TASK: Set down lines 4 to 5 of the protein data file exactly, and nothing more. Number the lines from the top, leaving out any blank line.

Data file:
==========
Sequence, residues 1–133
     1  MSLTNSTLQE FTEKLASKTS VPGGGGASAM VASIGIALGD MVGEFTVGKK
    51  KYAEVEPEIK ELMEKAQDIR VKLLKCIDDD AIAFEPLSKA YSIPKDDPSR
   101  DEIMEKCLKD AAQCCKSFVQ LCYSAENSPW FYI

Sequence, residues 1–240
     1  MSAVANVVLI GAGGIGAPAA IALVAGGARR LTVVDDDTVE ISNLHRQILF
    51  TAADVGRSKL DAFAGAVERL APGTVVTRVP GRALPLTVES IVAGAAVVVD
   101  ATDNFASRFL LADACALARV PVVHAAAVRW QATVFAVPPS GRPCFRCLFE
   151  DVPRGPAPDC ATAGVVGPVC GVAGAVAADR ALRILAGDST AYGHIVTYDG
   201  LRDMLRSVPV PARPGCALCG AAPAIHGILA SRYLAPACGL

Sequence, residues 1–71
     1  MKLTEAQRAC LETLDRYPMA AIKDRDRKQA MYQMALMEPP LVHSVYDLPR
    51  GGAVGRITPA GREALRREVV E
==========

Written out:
   101  DEIMEKCLKD AAQCCKSFVQ LCYSAENSPW FYI

Sequence, residues 1–240